Oates receives digital preservation award

Laura Molloy (University of Oxford), Anna Oates, and Laura Mitchell (National Records of Scotland)
Laura Molloy (University of Oxford), Anna Oates, and Laura Mitchell (National Records of Scotland)

Anna Oates (MS '18) won the National Records of Scotland Award for the Most Outstanding Student Work in Digital Preservation for her master's thesis work on the PDF/A standard. She received the award on November 29 at a ceremony at the Amsterdam Museum, as part of an international conference hosted by the Dutch Digital Heritage Network and the Amsterdam Museum on World Digital Preservation Day. According to the Digital Preservation Coalition (DPC), who sponsored the awards, this year marked the greatest number of nominations the organization has received to date, and those selected as finalists faced tough competition from entries across the world.

Oates' work originated from her research as a student in the Oxford-Illinois Digital Library Placement Program. In her summer 2017 placement, she spent six weeks at Oxford's Bodleian Libraries. Her project focused on student theses in Oxford's Institutional Repository and the challenges faced in meeting the ISO 19005 Standard, which specifies how to use the Portable Document Format (PDF) for long-term preservation of electronic documents. When she returned from England, Oates extended her research project into a master’s thesis and submitted the abstract to and presented at iConference.

"Although embedded in theoretical points of inquiry, my student work applies directly to current practices of institutional repositories that store and give access to theses and dissertations," Oates said. "But the work isn't just adding to an already existing conversation; it's engaging in a topic that has been a bit overlooked. Some institutions have blindly accepted PDF/A as an optimal file format without consideration of what normalization—the process to make a PDF/A—is doing to the original file. This is really problematic for digital preservation, long-term sustainability, and authenticity of student research."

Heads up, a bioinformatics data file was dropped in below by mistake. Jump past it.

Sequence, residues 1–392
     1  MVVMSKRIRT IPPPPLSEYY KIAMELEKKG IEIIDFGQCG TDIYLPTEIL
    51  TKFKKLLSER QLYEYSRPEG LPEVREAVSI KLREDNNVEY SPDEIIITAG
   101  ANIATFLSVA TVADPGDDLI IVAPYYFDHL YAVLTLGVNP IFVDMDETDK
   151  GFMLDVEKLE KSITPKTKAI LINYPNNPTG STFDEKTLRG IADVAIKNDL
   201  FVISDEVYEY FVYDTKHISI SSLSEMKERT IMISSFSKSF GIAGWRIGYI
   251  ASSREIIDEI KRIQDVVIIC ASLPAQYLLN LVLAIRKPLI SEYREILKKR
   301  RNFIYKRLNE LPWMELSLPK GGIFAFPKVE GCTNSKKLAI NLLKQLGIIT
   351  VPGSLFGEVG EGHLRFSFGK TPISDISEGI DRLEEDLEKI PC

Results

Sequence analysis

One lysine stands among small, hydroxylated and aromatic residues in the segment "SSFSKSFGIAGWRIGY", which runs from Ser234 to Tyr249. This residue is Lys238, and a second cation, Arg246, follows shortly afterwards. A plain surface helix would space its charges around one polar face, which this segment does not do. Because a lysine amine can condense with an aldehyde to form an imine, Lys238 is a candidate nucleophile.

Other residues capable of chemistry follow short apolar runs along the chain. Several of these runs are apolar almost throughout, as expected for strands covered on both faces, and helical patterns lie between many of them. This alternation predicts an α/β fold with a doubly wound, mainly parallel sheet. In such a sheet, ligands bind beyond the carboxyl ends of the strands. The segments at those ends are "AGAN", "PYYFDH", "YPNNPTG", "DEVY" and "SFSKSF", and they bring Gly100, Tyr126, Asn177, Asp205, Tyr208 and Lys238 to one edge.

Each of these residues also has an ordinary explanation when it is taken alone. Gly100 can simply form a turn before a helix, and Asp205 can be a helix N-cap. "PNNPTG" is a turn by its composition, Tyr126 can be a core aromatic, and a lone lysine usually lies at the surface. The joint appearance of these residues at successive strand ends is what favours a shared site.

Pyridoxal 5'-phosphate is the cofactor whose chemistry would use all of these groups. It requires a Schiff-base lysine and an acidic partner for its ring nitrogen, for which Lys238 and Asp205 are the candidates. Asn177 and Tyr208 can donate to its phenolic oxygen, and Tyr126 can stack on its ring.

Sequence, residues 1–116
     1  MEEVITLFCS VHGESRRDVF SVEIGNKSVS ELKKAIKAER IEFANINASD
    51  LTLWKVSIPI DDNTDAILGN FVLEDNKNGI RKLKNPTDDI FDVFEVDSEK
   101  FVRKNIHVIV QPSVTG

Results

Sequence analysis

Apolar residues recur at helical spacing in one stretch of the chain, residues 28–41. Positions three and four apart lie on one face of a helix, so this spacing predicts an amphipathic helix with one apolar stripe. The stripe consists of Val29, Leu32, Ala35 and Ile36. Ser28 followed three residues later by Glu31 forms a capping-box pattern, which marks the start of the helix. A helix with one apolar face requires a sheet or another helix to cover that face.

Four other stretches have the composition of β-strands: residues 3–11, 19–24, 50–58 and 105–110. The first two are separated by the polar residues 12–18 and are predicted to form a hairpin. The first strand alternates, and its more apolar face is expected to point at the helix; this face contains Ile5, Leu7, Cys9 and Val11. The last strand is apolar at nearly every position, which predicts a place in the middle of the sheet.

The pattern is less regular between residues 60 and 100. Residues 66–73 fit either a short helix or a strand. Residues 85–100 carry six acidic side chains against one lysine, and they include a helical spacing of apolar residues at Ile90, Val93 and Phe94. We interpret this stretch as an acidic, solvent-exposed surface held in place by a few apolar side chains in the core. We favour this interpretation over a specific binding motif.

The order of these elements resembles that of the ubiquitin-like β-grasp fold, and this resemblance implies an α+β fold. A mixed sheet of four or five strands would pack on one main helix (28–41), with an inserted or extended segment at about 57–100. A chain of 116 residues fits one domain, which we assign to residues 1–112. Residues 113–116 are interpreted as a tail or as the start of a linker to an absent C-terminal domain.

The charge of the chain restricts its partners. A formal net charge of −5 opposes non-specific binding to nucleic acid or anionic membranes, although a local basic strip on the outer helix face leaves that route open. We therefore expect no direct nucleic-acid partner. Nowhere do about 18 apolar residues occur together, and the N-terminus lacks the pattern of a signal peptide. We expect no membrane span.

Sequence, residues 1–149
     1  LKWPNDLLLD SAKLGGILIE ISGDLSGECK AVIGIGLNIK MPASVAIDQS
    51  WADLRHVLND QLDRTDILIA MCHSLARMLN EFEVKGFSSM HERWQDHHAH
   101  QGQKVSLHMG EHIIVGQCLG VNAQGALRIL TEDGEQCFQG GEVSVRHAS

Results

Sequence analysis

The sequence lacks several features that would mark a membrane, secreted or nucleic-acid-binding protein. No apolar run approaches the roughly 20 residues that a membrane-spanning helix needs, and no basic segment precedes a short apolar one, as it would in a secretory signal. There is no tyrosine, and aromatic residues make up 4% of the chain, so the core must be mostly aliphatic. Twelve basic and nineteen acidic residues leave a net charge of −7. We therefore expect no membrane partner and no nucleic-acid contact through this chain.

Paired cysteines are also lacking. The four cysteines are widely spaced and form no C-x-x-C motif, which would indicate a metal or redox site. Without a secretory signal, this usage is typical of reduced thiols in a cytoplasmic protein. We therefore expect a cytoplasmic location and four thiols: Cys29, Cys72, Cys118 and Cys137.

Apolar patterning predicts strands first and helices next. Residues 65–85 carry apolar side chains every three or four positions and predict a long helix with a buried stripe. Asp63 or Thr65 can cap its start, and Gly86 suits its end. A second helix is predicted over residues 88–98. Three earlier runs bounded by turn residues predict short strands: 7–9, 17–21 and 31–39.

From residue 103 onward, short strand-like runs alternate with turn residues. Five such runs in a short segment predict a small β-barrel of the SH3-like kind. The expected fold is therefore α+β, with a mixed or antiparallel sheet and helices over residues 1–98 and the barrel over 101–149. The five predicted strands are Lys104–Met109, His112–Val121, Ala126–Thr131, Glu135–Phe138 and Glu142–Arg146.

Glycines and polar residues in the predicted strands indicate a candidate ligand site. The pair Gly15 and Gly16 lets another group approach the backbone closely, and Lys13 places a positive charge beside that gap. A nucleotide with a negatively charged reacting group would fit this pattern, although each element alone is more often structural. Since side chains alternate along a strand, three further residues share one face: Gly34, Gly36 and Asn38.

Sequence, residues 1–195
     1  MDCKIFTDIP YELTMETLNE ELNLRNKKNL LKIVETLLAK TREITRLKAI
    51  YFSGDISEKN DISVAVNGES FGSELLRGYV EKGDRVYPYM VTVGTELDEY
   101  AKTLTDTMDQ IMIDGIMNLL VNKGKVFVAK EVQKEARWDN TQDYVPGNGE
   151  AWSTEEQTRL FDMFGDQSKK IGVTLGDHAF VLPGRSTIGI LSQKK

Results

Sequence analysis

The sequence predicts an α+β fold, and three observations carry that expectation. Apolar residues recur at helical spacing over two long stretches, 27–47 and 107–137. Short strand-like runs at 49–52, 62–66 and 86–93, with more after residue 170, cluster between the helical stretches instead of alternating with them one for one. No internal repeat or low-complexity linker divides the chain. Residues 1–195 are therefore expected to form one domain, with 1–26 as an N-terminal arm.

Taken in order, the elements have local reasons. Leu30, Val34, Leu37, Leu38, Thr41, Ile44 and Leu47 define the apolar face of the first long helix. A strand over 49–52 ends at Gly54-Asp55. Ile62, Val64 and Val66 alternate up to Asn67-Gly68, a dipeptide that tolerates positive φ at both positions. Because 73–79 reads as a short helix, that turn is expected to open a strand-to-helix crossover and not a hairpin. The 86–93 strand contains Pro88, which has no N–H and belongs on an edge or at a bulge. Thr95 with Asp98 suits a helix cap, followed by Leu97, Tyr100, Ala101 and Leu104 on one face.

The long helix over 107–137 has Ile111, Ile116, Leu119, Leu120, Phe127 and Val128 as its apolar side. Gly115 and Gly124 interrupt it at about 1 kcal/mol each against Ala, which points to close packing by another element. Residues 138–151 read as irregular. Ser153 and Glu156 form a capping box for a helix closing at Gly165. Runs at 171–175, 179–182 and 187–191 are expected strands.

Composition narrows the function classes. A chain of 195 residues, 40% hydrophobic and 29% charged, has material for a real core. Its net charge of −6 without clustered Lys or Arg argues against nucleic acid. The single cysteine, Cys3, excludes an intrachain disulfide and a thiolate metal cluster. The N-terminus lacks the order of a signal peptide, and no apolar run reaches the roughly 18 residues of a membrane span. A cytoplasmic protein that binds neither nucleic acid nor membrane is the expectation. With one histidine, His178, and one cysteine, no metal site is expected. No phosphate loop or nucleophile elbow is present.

She hopes that her work will raise institutional awareness of these issues as well as of the importance of the topic and that managers will be encouraged to make more informed decisions for their workflows and file format policies.

Oates is currently employed as a scholarly communication and discovery services librarian for the Federal Reserve Bank of St. Louis.

Watch the awards ceremony (The National Records of Scotland Award for the Most Distinguished Work in Digital Preservation are presented from 26:54-32:00 in the video.)

Research Areas:
Updated on
Backto the news archive

Related News

Student award recipients announced

Each year, the School of Information Sciences recognizes a group of outstanding students for their achievement in academics as well as a number of attributes that contribute to professional success. Congratulations to this year's honorees!

Alma with cap

New project to help identify and predict insider threats

Insider threats are one of the top security concerns facing large organizations. Current and former employees, business partners, contractors—anyone with the right level of access to a company’s data—can pose a threat. The incidence of insider threats has increased in recent years, at a significant cost to companies. Associate Professor Jingrui He is addressing this problem in a new project that seeks to detect and predict insider threats. She has been awarded a three-year, $200,000 grant from the C3.ai Digital Transformation Institute for her project, "Multi-Facet Rare Event Modeling of Adaptive Insider Threats."

Jingrui He

Yen supports student success through annual fund

Julie Yen (MS/LIS '07) wants students to receive the same quality educational experience that she enjoyed during her time at the iSchool. For this reason, she is a loyal donor to the iSchool Annual Fund, which provides dollars for scholarships, annual student awards, new technology, and conference travel.

Julie Yen

Lee selected for leadership institute

MS/LIS student Kyra Lee had the opportunity to network with leaders in the LIS field at the 2022 Black Caucus American Library Association (BCALA) Leadership Institute. At the inaugural event, which took place from April 12-14 in Durham, North Carolina, LIS students and early career library professionals gathered for workshops, panels, facilitated discussions, and presentations. Lee was one of eighteen students selected to participate in the institute.

Kyra Lee

2021 Downs Intellectual Freedom Awards given to #FReadom Fighters and ALA Office for Intellectual Freedom staff

For libraries and librarians, 2021 was an especially challenging year in terms of the increase in attempts at censorship. According to the American Library Association (ALA) Office for Intellectual Freedom, the number of challenges to library materials more than tripled from 2020 to 2021. In addition, current estimates show that 82 to 97 percent of challenges go unreported, suggesting that the total number of challenges are significantly greater.

#FReadom Fighter logo